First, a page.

index is the unique feature of Microsoft SQL Server starting from Microsoft SQL
2012 and improving with Microsoft SQL Server 2014. Here in this article I am
going to discuss about the architecture of Column store Index.
that this Column store Index architecture is suitable only for OLAP or BI
environment not in OTLP environment, others the performance down.
Architecture of Column Store
to the depth of the architecture of column store index in MS SQL 2012, we assume
that the we all well known about the row based index and how it load in the
memory to fulfill the request of a query.
First of all
we look at the figure to understand the column store index properly
in the column store index is it own segment. A Segment contains the value from
one column only. Each and every column in a table that include in the column
store index forms individual segment. Which allows the column data access
individually. Each segment can from by multiple pages.
A segment has
the limitation of 1 millions of rows. So for a big table it is not be possible
to fit single entire columns within a single segment, so single column of a
table may be fit with multiple segments.
transferred from the disk to memory by segment, not by page. A segment is a
highly compressed Large Object (LOB) that can contain up to one million rows.
The data within each column’s segment matches row-by-row so that the rows can
always be assembled correctly.
example the disk data came from three pages that is Page -1, Page-2 and Page-3.
If we crate column store index in the column named “Name” then the segment is
created from Page-1, Page-2 and Page-3.
When a column
is not fit in a single segment as the data of columns exceed the one million then
columns takes multiple segments to store data. In such cases, multiple segments
are created for each column and grouped into multiple row groups, one for each
set of segments.
When a column
store index is broken into multiple row groups, each row group contains a set
of complete rows. Please look at
the bellow figure to understand it properly.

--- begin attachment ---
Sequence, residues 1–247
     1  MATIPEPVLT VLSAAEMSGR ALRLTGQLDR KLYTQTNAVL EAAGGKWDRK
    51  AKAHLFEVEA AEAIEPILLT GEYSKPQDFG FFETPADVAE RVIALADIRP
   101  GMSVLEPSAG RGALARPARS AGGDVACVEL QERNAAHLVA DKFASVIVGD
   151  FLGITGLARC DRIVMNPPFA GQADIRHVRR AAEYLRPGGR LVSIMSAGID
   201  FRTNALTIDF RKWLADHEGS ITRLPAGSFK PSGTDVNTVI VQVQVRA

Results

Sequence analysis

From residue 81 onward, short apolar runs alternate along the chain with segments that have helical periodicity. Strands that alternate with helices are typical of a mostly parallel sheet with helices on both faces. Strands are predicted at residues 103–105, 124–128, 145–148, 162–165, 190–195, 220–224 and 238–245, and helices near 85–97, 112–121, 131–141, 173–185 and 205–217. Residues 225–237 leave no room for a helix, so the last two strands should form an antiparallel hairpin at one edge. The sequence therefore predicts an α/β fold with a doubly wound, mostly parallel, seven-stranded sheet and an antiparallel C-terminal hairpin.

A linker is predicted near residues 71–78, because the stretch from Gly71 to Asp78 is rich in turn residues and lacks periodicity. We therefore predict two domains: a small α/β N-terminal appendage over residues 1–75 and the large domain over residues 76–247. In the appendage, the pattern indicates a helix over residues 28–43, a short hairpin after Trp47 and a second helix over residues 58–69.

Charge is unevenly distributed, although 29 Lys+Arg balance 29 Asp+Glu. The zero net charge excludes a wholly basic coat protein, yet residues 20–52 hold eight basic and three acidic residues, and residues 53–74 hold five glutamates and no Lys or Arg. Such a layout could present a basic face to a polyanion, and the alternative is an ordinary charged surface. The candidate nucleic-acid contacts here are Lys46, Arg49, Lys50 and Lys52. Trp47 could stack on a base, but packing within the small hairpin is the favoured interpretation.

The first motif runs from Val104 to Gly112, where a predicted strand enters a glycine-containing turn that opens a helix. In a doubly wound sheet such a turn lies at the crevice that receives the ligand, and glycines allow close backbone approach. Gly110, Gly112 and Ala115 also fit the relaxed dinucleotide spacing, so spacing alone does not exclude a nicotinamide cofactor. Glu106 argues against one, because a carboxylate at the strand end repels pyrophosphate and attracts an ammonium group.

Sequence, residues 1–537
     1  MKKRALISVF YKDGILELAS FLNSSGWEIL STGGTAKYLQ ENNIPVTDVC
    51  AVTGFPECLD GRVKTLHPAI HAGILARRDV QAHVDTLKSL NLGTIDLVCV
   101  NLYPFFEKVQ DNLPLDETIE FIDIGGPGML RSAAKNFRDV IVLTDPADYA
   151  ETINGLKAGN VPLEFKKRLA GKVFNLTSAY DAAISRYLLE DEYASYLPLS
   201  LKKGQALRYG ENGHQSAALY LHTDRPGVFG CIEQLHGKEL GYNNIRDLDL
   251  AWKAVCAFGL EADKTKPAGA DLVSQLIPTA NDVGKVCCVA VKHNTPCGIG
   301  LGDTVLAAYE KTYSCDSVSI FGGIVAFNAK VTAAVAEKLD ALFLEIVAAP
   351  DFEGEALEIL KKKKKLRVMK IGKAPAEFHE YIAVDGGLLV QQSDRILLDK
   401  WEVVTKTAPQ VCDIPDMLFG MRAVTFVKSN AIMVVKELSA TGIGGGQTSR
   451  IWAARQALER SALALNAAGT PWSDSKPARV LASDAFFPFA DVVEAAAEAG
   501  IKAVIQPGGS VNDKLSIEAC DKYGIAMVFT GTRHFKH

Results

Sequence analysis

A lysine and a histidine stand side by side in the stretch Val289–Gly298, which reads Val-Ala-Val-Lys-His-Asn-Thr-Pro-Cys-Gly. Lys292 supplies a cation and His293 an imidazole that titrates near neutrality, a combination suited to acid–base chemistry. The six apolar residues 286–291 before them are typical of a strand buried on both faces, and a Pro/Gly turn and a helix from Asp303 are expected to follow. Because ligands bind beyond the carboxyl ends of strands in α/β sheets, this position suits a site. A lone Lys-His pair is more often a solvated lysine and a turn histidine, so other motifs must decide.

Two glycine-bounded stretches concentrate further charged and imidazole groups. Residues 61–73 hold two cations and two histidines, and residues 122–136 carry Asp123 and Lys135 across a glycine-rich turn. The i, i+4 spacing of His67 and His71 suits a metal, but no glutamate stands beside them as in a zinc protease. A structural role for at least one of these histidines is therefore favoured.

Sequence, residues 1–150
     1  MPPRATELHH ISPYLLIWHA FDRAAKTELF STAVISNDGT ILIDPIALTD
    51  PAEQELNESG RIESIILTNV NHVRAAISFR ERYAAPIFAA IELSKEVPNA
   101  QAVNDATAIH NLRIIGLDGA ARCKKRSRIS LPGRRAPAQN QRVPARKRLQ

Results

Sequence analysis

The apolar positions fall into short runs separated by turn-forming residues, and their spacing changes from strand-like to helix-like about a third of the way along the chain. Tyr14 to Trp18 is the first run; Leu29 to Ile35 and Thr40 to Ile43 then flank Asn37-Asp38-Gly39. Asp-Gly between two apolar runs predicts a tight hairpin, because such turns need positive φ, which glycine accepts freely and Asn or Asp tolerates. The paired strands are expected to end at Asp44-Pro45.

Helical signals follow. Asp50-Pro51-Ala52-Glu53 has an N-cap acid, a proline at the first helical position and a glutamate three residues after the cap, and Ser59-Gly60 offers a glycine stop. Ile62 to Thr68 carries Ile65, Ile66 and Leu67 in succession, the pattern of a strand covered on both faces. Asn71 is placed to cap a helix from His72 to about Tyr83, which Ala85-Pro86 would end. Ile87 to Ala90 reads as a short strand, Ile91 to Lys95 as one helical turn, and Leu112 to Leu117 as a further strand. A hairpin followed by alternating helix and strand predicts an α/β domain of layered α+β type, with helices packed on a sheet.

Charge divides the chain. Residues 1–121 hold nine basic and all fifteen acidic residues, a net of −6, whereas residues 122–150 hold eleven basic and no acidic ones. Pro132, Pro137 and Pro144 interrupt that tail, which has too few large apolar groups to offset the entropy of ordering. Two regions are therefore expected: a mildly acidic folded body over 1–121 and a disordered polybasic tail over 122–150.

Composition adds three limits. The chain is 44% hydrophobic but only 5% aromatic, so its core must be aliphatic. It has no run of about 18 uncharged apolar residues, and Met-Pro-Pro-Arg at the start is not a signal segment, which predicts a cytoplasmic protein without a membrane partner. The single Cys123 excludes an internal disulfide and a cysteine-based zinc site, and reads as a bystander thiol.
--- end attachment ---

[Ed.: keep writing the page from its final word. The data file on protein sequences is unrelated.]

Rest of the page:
column segments a column store index consists of another data storage element:
dictionaries. Dictionaries are widely used in columnar storage as a means to
efficiently encode large data types, like strings. The values stores in the
column segments will be just entry numbers in the dictionary, and the actual
values are stored in the dictionary. This technique can yield very good
compression for repeated values, but yields bad results if the values are all
distinct (the required storage actually increases). This is what makes
large columns (strings) with distinct values very poor candidates for column
store indexes. Column store indexes contain separate dictionaries for each
column and string columns contain two types of dictionaries.
is a global dictionary used by all segments of a column.
is an overflow dictionary for entries that did not fit in the primary
dictionaries. It can be shared by several segments of a column: the
relation between dictionaries and column segments is one-to-many.
store indexes are based on xVelocity (formerly known as VertiPaq), an advanced
storage and compression technology that originated with Power Pivot and
Analysis Services but has been adapted to SQL Server 2012 databases.
New feature of Column Store
in SQL 2014
- We can create only
one non-clustered column store index on a table although we can include
all the columns of the table in the single index.
- SQL Server 2014
enhances it to add support for creating Clustered Column store Index.
- When we create a
column store index and it makes the table read only.
- With SQL Server
2014, we can create a column store index without having much impact on
write-ability on the table. This means we can issue some INSERT, UPDATE,
DELETE statements with a table with clustered column store index. No more
tedious workaround is required for writing data to a table with column
store index in this release like the previous release.